Recently at ScraperWiki we replaced the old datastore, which was creaking under the load, with a new, lighter and faster solution – all your data is now stored in Sqlite tables as part of the move towards pluggable datastores. In addition to the new increase in performance, using Sqlite also provides some other benefits such as allowing us to transparently modify the schema and accessing the data using SQL via the ScraperWiki API or via the Sqlite View. If you don’t know SQL, or just need to try and remember the syntax there is a great SQL tutorial available at w3schools.com which might get you started.
For getting your data out of ScraperWiki you can try using the Sqlite View, which makes it easier to add the fields you want to query as well as performing powerful queries on the data. To explain how you do this we’ll use the Scraper created by Nicola in her recent post Special Treatment for Special Advisers in No. 10 which you can access on ScraperWiki, and from there create a new view. If you choose General Sqlite View, you’ll get a nice easy interface to query and study the data. This dataset shows data from the Cabinet Office (UK central Government) and logs gifts given to advisers for the top ministers – all retrieved by Nicola after only having known how to program for three weeks.
If you’re more confident with your SQL, you can access a more direct interface after clicking the ‘Explore with ScraperWiki API’ link on the overview page for any scraper. This will also give you a link that you can use elsewhere to get direct access to your data in JSON or CSV format. For those that are still learning SQL, or not quite as confident as they’d like to be, using the Sqlite View is a good place to start. When you first get to the Sqlite View you’ll see something similar to the following, but without the data already shown.
Now that you have an interface where you can modify your SQL, you can now access your data almost any way you want it! You can do simple queries by just leaving the SELECT field set to * which will return all of the columns, or you can specify the individual columns and the order they will be retrieved. You can even set their title by using the AS keyword. Setting the SELECT field to “`Name of Organisation` AS Organisation” allows will show that field with the new shorter column name.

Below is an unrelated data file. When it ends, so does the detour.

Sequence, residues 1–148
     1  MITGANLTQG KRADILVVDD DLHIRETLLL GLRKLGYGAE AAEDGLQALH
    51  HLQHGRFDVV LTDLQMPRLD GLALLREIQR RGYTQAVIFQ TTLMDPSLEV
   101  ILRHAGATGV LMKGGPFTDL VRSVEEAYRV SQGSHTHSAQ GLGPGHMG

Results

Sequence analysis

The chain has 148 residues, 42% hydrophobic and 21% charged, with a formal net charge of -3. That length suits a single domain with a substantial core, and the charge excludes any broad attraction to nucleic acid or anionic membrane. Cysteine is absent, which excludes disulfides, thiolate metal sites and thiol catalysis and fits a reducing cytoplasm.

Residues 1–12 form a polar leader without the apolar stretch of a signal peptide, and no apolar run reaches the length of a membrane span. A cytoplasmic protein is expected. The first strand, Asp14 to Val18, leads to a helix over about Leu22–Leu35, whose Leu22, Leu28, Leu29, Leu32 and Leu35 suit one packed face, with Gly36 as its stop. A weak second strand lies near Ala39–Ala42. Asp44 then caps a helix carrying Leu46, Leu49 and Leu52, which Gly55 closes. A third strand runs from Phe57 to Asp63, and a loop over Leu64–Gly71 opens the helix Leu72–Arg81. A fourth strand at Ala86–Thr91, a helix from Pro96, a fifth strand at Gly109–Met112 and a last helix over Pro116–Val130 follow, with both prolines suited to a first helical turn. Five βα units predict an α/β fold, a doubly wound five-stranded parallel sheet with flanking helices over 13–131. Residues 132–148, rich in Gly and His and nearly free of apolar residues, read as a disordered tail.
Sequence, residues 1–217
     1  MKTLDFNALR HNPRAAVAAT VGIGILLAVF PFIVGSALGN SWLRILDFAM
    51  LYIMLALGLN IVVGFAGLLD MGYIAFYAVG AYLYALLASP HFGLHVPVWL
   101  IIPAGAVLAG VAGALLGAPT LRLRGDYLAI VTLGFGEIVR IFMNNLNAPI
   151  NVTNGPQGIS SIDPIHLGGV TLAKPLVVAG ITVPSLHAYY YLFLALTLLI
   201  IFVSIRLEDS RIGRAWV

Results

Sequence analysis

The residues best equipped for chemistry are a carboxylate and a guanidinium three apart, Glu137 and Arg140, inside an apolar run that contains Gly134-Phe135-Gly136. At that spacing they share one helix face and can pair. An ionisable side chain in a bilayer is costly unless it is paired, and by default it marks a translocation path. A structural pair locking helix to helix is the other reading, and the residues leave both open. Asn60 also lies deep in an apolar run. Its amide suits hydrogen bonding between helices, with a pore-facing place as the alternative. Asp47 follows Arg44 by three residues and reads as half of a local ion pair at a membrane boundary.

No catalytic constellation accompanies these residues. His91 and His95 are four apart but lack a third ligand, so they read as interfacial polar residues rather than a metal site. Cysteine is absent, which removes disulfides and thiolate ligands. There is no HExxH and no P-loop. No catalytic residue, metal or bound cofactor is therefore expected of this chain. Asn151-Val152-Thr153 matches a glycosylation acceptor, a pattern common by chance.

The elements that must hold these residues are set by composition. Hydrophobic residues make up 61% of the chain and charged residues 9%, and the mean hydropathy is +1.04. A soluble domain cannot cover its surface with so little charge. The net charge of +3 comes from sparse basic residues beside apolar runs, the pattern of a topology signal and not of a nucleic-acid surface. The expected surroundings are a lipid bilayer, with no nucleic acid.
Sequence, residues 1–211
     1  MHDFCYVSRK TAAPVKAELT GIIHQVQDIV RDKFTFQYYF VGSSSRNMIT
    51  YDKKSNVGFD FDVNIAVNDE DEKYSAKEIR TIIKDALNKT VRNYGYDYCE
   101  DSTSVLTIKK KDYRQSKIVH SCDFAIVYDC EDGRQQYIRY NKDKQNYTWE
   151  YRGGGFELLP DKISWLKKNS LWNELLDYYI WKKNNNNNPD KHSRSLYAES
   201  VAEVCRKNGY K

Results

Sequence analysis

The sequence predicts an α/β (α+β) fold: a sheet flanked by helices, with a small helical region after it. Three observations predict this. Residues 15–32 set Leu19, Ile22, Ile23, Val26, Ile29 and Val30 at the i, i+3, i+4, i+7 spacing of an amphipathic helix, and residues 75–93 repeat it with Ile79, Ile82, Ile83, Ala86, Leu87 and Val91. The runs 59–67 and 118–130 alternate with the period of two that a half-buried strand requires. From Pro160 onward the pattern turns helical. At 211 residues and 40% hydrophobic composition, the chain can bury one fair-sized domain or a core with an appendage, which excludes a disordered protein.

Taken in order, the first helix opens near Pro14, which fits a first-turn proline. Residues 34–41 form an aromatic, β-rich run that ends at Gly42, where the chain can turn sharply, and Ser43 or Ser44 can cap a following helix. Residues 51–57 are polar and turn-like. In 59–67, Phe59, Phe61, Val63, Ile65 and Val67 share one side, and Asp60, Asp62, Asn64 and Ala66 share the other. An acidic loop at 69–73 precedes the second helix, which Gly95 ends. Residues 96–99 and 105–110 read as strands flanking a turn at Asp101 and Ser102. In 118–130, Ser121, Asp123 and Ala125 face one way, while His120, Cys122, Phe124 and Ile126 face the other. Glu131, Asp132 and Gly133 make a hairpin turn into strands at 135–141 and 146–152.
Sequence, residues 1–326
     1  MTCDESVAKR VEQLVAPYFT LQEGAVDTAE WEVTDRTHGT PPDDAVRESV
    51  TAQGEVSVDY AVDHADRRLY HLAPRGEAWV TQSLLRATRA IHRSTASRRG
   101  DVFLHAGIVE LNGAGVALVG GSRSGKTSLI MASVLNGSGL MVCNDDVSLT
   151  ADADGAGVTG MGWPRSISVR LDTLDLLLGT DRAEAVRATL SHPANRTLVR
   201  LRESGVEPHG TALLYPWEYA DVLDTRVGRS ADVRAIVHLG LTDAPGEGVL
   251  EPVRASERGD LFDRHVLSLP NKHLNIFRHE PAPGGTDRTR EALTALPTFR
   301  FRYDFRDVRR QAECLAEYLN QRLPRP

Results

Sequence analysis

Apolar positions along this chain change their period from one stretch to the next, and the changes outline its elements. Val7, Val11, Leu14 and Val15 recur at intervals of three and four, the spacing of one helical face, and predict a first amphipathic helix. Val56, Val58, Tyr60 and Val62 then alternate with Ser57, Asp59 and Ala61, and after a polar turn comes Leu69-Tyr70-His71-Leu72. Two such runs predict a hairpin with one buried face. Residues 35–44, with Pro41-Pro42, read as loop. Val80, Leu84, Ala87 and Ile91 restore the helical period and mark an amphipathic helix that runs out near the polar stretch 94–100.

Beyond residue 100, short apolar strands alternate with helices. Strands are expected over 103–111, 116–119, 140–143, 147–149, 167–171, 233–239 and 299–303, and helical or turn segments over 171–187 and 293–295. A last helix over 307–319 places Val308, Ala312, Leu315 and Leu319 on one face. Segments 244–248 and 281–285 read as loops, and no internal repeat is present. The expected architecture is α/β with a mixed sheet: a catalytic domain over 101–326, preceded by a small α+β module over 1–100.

Aside from ordering your results (putting a field name in ORDER BY, followed by desc if you want descending order), limiting your results (adding the number of records into LIMIT) and the aforementioned renaming of columns, one thing the Sqlite will let you do is group your results to show information that isn’t immediately visible in the full result set. Using the Special Advisers scraper again, the following view shows how by grouping the data on `Name of Organisation` and using the count function in the SELECT field we can show the total number of gifts given by each organisation – surely a lot faster than counting how many times each Organisation appears in the full output!
In addition to using the count function in SELECT you could also use sum, or even avg to obtain an average of some numerical values. Not only can you add these individual functions into your SELECT field, you can get a lot more complicated to get a better overall view of the data, as in the Arts Council Cuts scraper. Here you can see the output for the total revenue per year and average percent change by artform and draw your own conclusions on where the cuts are, or are not happening.
SELECT `Artform `, sum(`Total Revenue 10-11`) as `Total Revenue for this year`, sum(`11-12`) as `Total Revenue for 2011-2012`, sum(`12-13`) as `Total Revenue for 2012-2013`, sum(`13-14`) as `Total Revenue for 2013-2014`, (avg(`Real percent change -Oct inflation estimates-`)*100) as `Average % change over 4 years (Oct inflation estimates)` FROM swdata GROUP BY `Artform ` ORDER BY `Total Revenue for this year` desc"
If there is anything you’d like to see added to any of these features, let us know either in the comments or via the website.